When it rains heavily in St Helena, the minutes matter.
From as early as 7.30 am on Thursday, the Caroni River and its main tributaries, particularly in El Carmen, were at peak capacity.
When Guardian Media arrived at 9.30 am, some residents teased the news team for the early arrival.
“The real thing ain’t start yet boy Akash, allyuh fellas come too soon.”
But too soon may be relative.
Fifteen minutes after that conversation, water started to cross the Caroni South Bank Road in El Carmen.
Then it began to make its way to the St Helena junction.
“That’s how it happens here, it starts in El Carmen, then it comes to Madras, Madras to Warren, then Warren to Frederick Settlement,” said resident Paul Phillip.
The side roads off the main road were the first to be hit. Along Ross Trace, water was at shin height and rising from as early as midday.
“Last time we didn’t leave but this time we’re getting out,” a young man told Guardian Media as he navigated through the murky water with his mother and their pet parrot.
The setting was the same at Constantine Road, an area infamous for flooding first in St Helena.
Standing comfortably in the slightly raised driveway of his two-storey home, Bharath Singh said people left from as early as Wednesday night.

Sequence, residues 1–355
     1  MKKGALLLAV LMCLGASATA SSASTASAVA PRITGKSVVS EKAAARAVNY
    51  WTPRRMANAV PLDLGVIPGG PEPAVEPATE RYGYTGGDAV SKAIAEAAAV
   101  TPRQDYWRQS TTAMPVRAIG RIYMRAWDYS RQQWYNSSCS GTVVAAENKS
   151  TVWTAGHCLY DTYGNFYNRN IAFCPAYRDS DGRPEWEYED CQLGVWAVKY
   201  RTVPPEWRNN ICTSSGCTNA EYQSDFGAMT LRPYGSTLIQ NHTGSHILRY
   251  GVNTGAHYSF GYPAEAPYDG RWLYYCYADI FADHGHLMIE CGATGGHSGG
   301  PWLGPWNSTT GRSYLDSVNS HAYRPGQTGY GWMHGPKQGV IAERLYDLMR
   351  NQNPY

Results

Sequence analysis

“It does be terrible in here, real terrible, last time in a matter of an hour, we could see four feet of water, so a lot of people done pull out from this road, this morning plenty people move out from here, I have an upstairs home so I good.”
A few houses away on the main road though, Vijay Ramsaran was not so lucky. From even before midday, while Constantine Road and Ross Trace were still dry, a shallow layer of stagnant murky water surrounded his home.
“This water come up since six this morning,” Ramsaran said. He added: “Now I bracing for it reaching inside, most we could do is prepare the sandbags and hope it’s not that bad this time.”
Even during these interviews, the news team had to keep an eye on the company’s vehicle.
“Fellas,” a man said with a smile, “watch that car and how the water rising.”
Sound advice, as ever so often we had to leave the vehicle on drier ground as the flood waters crept through the community.
At around 3 pm near the St Helena Junction, a white Ford Ranger pulled up. Inside was Works and Transport Minister Rohan Sinanan.
“I heard something on CNC3 about the Caroni River bursting its banks but that’s not true,” the minister said, motioning to his car radio.
Sinanan said it was the tributaries that were overflowing. He said he was heading to El Carmen to see what assistance was needed. He also reminded that these communities were low lying areas.